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I have a Rails application that I'm in the process of designing. I have a separate model that needs to link to only 2 of one model. Specifically, my "evaluation"s have 2 "member"s, an evaluator, and an evaluatee. They also have a few other pieces of information, too but they should not be relevant to this.

What is the best way to represent this? Would 2 foreign keys in the evaluation be best, or a many-many relationship between the evaluations and the members? Would there be some other option that would work even better?

I would initially think many to many, but since there is a defined number on one side of the relationship I question the applicability here. To my knowledge, many-to-many generally implies that the number on each side of the relation is variable.

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2 Answers 2

up vote 1 down vote accepted

You probably want two different associations, possibly with the same class:

class Member < ActiveRecord::Base
  has_many :evaluations_out, :class_name => 'evaluation', :as => :evaluator
  has_many :evaluations_in, :class_name => 'evaluation', :as => :evaluatee

class Evaluation < ActiveRecord::Base
  belongs_to :evaluator, :class_name => 'member'
  belongs_to :evaluatee, :class_name => 'member'
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+1 agreed. If the system is such that there will always be precisely 2 relationships, 2 FKs are best. If there may be a likely future use case where you may have more than 2, thats when you should probably use a many-to-many. –  DanSingerman Feb 23 '09 at 20:56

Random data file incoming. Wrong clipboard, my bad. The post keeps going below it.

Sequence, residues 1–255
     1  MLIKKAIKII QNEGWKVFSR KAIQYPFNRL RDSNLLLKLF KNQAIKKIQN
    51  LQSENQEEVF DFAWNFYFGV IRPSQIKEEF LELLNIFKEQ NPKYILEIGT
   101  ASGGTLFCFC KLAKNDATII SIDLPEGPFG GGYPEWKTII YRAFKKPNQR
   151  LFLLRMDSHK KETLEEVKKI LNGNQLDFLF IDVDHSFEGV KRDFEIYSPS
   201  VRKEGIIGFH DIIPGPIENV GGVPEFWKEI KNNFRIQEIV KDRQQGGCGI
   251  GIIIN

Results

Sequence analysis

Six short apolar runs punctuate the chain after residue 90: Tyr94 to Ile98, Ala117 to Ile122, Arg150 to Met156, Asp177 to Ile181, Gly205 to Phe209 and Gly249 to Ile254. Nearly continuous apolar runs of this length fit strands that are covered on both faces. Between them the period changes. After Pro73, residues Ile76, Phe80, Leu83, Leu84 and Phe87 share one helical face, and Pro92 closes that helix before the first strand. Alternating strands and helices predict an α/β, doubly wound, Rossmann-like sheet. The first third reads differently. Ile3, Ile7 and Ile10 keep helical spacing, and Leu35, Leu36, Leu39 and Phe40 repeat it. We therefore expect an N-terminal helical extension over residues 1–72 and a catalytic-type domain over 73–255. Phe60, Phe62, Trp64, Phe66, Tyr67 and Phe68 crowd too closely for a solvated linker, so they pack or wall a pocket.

And in the case where there are an arbitrary number, but each relationship has a type (evaluator/evaluatee), then you probably want an intermediary model. So it becomes three models -- two with one 1:n and one 1:n-through, and one model with two 1:ns. –  James A. Rosen Feb 23 '09 at 21:15
Javier's solution below makes a good point: those :class_names might have to be capitalized. The :foreign_keys are redundant if they're the same as the first argument to belongs_to (the association name). –  James A. Rosen Feb 24 '09 at 0:46

I haven't tested it myself and it might sound a little adventurous, but I think that could work:

Evaluation Model

class Evaluation < ActiveRecord::Base 
  belongs_to :evaluator, :class_name => "Member", :foreign_key => "evaluator_id"
  belongs_to :evaluatee, :class_name => "Member", :foreign_key => "evaluatee_id"


Member Model

class Member < ActiveRecord::Base
  has_many :evaluators, :class_name => "Evaluation", :foreign_key => "evaluator_id"
  has_many :evaluatees, :class_name => "Evaluation", :foreign_key => "evaluatee_id"

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